Emily LakdawallaOct 12, 2007

Kaguya: both mini-satellites deployed and renamed

JAXA announced today the successful deployment of the second of Kaguya's two mini-satellites. And, in what seems to be a traditional act of the Japanese space program following the "launch" of a spacecraft, they have given "nicknames" of mythological origin to the two spacecraft: Okina and Ouna. Okina and Ouna, meaning "honorable elderly man" and "honorable elderly woman," refer to the old couple who adopted and raised the moon princess Kaguya in the Tale of the Bamboo Cutter. Sometimes these mythological names come to supplant the original name -- as happened to Hayabusa (formerly known as MUSES-C) -- but sometimes the former, technical names remain in common use. Given the choice, I prefer the mythological names, so I'll probably stick with those.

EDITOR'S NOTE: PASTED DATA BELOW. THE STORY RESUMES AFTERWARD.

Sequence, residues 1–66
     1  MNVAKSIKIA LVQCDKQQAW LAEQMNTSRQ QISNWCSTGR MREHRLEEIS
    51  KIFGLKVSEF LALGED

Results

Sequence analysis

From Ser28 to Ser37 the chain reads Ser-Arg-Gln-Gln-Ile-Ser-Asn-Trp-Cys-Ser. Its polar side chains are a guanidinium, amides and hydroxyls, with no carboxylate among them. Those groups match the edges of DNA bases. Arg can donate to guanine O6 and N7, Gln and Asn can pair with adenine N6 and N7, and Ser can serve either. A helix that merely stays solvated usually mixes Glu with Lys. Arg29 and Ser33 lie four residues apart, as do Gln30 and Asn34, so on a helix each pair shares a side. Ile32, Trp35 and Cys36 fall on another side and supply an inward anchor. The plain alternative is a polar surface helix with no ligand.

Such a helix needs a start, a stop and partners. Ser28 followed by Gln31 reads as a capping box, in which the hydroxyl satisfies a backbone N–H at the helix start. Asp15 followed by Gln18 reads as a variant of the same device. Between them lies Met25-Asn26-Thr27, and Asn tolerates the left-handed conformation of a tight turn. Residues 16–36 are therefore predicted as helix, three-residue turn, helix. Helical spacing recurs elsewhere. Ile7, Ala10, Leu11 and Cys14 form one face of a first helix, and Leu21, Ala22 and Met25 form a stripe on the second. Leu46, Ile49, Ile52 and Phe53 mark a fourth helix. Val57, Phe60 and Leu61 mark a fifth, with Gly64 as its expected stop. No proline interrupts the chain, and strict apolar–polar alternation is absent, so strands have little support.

As before, they released a couple of onboard camera photos of the successful deployment, so I assembled the four images into an animation.

Kaguya deploys its mini-satellites

JAXA

Kaguya deploys its mini-satellites
Views from a small onboard camera show the successful deployment of the lunar orbiter Kaguya's two mini-satellites. Each mini-satellite is an octagonal prism one meter in diameter with solar cells covering its 0.65-meter-long sides; the satellites will be used in a radio interferometry experiment to map the Moon's gravity. The first satellite, Okina (also known as the Relay satellite or Rstar), was released on October 9, 2007 into an elliptical orbit 100 by 2,400 kilomters in size (first two frames). The second satellite, Ouna (also known as the VRAD satellite or Vstar), was released on October 12, 2007 into an elliptical orbit 100 by 800 kilometers in size (last two frames).

Also, something else to keep your eyes out for: Chang'E 1 is supposed to be launching some time this month, probably toward the end of the month. When I hear any news about this mission I'll post it.

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